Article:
Last week, at the Windows Phone Summit in San Francisco, Microsoft officials revealed some key features of the next version of Windows Phone, Windows Phone 8. Among other things, they noted that existing devices will not be able to upgrade to Windows Phone 8, and instead, all devices running Windows Phone 7.5 will get a free upgrade to Windows Phone 7.8.
Not much was revealed about Windows Phone 7.8 besides the fact that it will have the new Start Screen from Windows Phone 8. Of course, Microsoft and Nokia touted the fact that all the existing apps will continue to work on Windows Phone 7.8 and in fact, Nokia talked about updates to their Lumia apps as well as some new apps which will help in “keeping Windows Phone 7.8 fresh”.
However, as an early adopter of Windows Phone I feel disappointed that I won’t get much of the Windows Phone 8 goodness. I don’t feel cheated as such, because a good friend gave me his Lumia 800 and I am quite happy to wait for Windows Phone 8 devices, but I can imagine you feel so if you bought the HTC TITAN II last month at a subsidized price of $199. You are not only locked into a 2-year contract but in 6 months your phone will be far behind most of the devices in the market.
Most of the reasons why existing devices won’t be upgraded are well understood – new features need better hardware, some features cannot be supported without new chips (NFC, for example), engineering costs of making stuff work on older devices is way too much compared to the shelf lives of these devices and the total volume of these devices on the market – but it is not the early adopters’ fault that Microsoft felt the need to do a reset #2 just two years after their reset #1 from Windows Mobile 6.x to Windows Phone 7.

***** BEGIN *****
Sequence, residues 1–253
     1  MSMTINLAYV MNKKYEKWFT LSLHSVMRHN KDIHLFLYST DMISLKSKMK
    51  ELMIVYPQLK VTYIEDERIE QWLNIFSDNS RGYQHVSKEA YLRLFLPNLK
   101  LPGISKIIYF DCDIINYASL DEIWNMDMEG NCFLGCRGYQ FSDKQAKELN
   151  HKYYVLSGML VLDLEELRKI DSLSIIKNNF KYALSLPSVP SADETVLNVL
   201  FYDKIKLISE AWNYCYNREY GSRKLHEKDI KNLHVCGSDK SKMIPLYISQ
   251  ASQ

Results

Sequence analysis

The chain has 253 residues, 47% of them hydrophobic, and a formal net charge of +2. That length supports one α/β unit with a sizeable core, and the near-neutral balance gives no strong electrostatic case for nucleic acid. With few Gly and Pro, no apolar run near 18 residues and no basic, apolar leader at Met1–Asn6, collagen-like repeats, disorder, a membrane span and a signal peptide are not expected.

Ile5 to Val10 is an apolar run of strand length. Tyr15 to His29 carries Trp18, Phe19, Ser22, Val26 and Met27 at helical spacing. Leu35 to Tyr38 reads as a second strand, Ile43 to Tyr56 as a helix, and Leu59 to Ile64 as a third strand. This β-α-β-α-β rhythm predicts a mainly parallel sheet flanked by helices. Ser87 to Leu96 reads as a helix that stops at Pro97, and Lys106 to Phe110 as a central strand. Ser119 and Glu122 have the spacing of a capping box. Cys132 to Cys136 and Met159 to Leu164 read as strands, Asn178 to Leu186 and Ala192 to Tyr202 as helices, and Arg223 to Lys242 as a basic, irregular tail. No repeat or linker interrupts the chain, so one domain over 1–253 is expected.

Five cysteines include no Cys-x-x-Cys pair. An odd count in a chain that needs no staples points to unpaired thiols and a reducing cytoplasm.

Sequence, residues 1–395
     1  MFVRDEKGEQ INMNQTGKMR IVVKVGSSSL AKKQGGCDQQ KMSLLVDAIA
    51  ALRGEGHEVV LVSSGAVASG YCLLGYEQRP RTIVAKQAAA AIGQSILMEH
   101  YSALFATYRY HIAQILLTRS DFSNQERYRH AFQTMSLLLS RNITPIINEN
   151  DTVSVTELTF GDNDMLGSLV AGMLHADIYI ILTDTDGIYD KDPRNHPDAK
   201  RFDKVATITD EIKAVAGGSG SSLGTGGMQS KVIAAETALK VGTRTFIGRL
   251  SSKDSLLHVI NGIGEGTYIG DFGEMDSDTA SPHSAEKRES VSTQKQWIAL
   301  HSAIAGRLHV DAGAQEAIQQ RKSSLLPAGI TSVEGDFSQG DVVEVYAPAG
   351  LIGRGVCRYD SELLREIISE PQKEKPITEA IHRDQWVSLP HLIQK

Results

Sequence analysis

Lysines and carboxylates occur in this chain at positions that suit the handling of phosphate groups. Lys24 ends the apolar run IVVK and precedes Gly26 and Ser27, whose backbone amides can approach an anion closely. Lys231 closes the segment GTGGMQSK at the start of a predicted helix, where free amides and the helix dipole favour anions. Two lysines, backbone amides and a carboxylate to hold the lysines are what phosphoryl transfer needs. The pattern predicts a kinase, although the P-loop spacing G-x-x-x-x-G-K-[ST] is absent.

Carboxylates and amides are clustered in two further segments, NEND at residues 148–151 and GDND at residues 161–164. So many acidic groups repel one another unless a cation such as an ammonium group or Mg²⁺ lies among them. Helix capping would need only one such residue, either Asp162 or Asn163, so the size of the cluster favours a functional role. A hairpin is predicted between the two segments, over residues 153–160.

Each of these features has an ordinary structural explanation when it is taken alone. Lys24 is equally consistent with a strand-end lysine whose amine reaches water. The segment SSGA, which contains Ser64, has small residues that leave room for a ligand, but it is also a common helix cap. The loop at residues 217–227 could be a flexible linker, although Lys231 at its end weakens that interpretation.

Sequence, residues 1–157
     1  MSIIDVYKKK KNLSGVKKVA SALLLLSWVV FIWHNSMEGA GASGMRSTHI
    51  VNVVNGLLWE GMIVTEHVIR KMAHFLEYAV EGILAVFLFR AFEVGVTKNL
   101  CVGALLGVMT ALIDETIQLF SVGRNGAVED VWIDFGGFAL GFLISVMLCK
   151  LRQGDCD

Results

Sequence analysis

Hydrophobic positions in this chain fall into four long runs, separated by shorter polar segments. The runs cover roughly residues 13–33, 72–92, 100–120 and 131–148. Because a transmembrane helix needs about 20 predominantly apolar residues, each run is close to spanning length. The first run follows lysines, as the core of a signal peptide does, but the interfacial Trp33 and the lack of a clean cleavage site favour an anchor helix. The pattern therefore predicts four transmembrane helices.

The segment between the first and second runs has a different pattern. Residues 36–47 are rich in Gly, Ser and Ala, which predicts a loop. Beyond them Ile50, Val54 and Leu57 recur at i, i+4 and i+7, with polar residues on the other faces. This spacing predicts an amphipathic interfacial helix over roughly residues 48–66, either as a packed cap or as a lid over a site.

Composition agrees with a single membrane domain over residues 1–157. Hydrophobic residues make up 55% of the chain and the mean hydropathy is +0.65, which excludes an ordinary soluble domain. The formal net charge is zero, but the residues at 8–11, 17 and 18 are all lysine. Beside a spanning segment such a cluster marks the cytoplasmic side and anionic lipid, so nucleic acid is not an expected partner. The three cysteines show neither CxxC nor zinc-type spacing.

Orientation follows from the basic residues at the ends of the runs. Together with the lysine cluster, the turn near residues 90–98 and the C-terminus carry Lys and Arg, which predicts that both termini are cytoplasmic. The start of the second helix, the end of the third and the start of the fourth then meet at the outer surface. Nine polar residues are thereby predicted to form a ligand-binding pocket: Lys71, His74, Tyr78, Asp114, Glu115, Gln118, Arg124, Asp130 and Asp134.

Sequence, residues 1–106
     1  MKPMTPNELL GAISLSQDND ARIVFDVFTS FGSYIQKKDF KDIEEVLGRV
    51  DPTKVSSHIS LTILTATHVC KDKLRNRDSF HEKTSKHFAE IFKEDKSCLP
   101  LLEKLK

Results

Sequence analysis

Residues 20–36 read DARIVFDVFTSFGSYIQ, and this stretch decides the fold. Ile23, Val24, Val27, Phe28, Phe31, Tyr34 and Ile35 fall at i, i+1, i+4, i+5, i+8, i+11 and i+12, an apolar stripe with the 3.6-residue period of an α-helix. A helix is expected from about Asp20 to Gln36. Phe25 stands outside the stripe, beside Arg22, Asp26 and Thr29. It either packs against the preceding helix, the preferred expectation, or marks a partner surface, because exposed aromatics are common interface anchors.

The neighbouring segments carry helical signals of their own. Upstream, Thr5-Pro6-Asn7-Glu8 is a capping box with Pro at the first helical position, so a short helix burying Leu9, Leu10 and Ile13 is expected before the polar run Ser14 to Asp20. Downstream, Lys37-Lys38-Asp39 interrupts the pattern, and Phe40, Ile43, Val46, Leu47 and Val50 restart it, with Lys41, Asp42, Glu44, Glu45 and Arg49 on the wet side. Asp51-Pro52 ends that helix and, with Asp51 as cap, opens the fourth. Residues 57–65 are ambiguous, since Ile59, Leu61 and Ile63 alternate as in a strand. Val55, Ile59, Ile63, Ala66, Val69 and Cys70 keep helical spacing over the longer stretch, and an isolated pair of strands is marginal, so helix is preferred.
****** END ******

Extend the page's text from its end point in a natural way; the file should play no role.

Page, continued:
I understand that consumer-facing features in Windows Phone 8 have not been revealed yet, and Microsoft may have more up their sleeves in terms of additions to Windows Phone 7.8, but if we go by what has been revealed yet, it is highly disappointing. Add the fact that apps built for Windows Phone 8 won’t work for Windows Phone 7.8 and you see that either developers will build cool apps which Windows Phone 7.8 users won’t be able to run, or apps will be built for Windows Phone 7.8 and Windows Phone 8 hardware will end up being under-utilized. A terrible lose-lose situation.
I sure hope the only features of Windows Phone 8 that don’t make it to Windows Phone 7.8 are the ones totally dependent on hardware, like NFC and of course, the new core. Things like IE 10 and Wallet (without the NFC-related features) have absolutely no reason not to be available to Windows Phone 7.8.
One thing is certain – Microsoft has burned me (and many other early adopters, I am sure). I am not going to be an early adopter of Windows Phone 8 devices, despite the assurances given that another re-imagination won’t happen anytime soon.
What are your thoughts regarding Windows Phone 7.8? Are you ok with what has been said so far? Do you care about receiving the latest updates?